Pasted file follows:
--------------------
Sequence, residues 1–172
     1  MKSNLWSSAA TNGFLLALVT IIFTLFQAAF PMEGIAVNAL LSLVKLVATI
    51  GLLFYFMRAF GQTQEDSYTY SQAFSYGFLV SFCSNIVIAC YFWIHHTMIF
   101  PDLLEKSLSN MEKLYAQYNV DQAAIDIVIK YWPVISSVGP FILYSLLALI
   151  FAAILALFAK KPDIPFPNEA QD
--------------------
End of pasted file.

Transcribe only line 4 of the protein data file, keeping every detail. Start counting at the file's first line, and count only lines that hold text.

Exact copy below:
   101  PDLLEKSLSN MEKLYAQYNV DQAAIDIVIK YWPVISSVGP FILYSLLALI